In 1957, Walter O'Malley, owner of the beloved Brooklyn Dodgers, convinced that the city of New York would not build him the replacement for Ebbets Field he believed he needed, moved his team to Los Angeles. He convinced Horace Stoneham, owner of the rival New York Giants, to join him on the west coast. The Giants and Dodgers, National League rivals since 1883, had taken National League baseball from New York, and stifled any dream the Pacific Coast League had of major league status.

And the PCL certainly did dream big. By the late 1920's, with teams in cities like Los Angeles, San Francisco, San Diego and Seattle, the PCL was large and wealthy enough to offer baseball just shy of major league status. Stars like Joe DiMaggio (San Francisco Seals), Ted Williams (San Diego Padres) and Tony Lazzeri (Salt Lake City Bees) got their start in the Coast League. Thanks to mild west coast weather, the PCL season was longer, allowing players and owners alike to earn more money. There was a gap in the quality of baseball between the majors and the PCL, but it was not very big.

In 1952, the league was granted Open status. Meaning it was not the major leagues, but no longer was it minor league either. Open status severely limited the ability of the majors to poach players from the PCL, and it was widely viewed as the first step toward major league status. It certainly made sense, especially for the league's glamor teams, the San Francisco Seals, the Hollywood Stars, and the Los Angeles Angels. The Stars, which in actually was the old Tacoma Tiger franchise from the 1904 and 1905 seasons, was certainly major league caliber. The team advertised itself as "Hollywood Stars owned by Hollywood's stars", and with an ownership group that included Gene Autry and William Frawley, the Stars were certainly that. They were also smart enough to begin televising games as early as 1940 and name Jayne Mansfield "Miss Hollywood Star".

But with the Dodgers and Giants arrival, the PCL was forced to move the Seals, Angels and Stars. In 1957, the Angels moved to Spokane to become the Indians. The Stars headed to Salt Lake City and became the reborn Bees. The Seals would end up in the desert, and life as the Phoenix Giants. Without the Los Angeles and San Francisco markets, the PCL dream of the major leagues was shattered. Attendance fell of precipitously, due both to now-unfair comparisons to the majors, and the expansion of television. The Seals, after two seasons in Phoenix, were looking to move. Enter Ben Cheney and the City of Destiny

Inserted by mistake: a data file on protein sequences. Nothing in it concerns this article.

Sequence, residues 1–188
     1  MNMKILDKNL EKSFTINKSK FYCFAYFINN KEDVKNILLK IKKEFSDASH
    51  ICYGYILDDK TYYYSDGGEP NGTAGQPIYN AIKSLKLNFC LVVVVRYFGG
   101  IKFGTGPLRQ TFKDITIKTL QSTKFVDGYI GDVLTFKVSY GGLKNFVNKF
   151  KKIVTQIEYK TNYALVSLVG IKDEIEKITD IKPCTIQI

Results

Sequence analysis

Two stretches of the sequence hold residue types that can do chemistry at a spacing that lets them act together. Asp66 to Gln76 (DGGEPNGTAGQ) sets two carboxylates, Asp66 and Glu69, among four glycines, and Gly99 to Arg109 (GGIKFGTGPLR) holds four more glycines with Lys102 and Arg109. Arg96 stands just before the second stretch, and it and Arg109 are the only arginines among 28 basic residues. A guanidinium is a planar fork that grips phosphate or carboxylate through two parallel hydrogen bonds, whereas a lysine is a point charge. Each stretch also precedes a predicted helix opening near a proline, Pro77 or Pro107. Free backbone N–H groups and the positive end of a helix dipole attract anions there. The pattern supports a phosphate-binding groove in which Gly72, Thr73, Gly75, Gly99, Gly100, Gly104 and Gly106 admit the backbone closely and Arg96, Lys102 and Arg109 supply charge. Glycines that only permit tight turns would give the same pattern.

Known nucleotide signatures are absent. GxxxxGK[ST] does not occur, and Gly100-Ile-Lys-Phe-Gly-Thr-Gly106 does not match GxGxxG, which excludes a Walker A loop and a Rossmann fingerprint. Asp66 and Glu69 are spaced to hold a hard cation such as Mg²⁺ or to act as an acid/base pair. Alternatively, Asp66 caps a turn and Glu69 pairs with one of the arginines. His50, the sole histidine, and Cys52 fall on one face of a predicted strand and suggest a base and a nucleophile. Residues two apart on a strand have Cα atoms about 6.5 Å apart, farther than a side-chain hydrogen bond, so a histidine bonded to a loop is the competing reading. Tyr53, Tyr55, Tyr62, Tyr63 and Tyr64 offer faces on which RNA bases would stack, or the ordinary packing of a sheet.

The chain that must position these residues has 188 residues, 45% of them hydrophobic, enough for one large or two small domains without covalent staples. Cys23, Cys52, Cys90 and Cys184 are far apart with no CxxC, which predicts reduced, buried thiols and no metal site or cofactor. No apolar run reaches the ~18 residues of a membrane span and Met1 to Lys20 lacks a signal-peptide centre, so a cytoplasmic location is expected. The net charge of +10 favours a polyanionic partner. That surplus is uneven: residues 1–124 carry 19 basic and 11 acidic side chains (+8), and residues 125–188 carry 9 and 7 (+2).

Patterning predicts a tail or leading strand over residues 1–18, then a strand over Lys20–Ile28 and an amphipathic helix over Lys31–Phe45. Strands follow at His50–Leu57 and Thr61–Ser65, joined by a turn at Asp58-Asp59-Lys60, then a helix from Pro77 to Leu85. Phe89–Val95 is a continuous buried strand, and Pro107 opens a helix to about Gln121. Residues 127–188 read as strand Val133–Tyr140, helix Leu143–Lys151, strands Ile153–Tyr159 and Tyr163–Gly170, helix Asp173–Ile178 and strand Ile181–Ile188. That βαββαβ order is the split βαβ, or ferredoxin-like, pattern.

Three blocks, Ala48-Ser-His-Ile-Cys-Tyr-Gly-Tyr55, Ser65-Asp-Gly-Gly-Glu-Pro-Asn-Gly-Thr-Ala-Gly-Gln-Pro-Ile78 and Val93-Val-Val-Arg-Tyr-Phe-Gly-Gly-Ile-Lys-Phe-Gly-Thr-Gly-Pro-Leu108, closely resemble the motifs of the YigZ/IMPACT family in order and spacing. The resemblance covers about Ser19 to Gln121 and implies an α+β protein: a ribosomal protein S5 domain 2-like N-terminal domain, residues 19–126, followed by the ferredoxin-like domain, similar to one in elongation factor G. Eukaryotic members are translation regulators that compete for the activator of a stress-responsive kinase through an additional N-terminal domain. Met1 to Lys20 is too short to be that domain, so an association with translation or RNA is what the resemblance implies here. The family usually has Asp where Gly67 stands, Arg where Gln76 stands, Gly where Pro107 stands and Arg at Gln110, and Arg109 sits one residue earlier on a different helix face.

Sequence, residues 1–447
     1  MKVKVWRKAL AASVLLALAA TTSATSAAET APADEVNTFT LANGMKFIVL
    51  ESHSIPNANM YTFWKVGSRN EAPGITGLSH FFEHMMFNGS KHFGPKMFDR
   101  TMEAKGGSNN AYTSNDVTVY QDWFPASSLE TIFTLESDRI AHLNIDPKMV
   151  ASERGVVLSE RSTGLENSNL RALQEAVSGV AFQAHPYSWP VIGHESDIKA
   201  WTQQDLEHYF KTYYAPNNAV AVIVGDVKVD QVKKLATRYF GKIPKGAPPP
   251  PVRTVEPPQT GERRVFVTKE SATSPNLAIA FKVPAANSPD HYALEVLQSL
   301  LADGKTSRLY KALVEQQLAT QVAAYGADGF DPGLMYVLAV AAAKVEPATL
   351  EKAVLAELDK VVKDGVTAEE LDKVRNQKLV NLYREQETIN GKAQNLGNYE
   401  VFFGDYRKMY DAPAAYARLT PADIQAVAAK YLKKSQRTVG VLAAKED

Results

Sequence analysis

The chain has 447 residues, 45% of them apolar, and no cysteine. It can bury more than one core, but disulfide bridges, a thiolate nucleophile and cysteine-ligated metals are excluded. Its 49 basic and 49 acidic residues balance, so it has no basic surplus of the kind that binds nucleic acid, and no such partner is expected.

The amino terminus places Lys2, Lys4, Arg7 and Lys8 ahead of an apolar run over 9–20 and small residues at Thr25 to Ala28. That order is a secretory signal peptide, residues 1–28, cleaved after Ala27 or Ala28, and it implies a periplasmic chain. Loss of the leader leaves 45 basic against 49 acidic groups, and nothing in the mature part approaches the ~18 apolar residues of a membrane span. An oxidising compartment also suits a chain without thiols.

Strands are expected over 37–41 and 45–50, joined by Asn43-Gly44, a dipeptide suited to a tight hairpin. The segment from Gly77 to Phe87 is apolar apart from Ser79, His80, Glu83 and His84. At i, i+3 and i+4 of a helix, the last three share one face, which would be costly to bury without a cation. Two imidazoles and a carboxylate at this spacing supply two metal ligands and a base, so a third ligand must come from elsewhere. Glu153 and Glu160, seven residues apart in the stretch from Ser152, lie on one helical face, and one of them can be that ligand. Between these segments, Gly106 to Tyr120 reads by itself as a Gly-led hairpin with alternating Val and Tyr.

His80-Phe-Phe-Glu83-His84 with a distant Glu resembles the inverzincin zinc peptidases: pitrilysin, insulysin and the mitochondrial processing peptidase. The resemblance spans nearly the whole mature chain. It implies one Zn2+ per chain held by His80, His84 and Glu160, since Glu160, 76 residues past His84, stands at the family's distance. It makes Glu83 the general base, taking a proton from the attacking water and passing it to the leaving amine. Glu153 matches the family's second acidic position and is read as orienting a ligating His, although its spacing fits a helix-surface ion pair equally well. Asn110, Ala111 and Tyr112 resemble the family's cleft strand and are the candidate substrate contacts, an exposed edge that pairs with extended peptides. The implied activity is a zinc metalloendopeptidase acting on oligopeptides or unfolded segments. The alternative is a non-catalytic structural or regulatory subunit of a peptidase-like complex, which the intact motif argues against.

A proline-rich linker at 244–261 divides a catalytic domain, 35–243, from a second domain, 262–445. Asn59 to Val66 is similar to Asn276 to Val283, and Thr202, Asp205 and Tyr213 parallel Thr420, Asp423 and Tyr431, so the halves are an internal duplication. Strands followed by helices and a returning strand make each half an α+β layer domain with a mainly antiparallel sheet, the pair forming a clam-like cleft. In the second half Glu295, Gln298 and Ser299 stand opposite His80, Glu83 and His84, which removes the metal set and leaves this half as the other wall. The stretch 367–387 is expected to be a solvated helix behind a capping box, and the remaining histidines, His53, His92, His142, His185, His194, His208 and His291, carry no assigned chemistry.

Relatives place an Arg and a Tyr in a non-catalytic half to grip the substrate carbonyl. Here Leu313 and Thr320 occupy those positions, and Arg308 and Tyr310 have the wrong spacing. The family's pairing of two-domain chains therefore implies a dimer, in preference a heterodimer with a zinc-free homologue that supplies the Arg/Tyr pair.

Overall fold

The Rainiers could have used another weather delay. After Friday's game with Colorado Springs was postponed due to cold, the Sky Sox home opener was pushed back to Saturday, and the Sox delivered. After masterful back-to-back starts by Rainier pitching, Sean White was unable to keep the streak going in the thin Colorado air. White went five innings and gave up five runs. He did leave with the lead, but Andrew Baldwin had another rough outing, giving up five more in just 2/3 of an inning. Phillip Barzilla and Eric Cyr slammed the door on the Sox, but the Rainiers bats couldn't make up the difference.

Scoring seven runs wins in most ballparks, but not in Security Service Field. The Rainiers did feast on the high altitude and Sox pitching. Both Jeff Clement and Wlad Balentien hit both a double and a homer, and Matt Tuiasosopo hit his first Triple-A extra base hit, a double in the first of off Sox starter Josh Towers.

Another doubleheader on Sunday. Joe Woerman (0-1, 19.64) takes the hill for Tacoma in the first game. Ace Ryan Feirebend (2-0, 0.00) in the second. For the Sky Sox, Greg Reynolds (0-0, 9.00) and Jose Capellan (0-0, 5.40) are scheduled to start.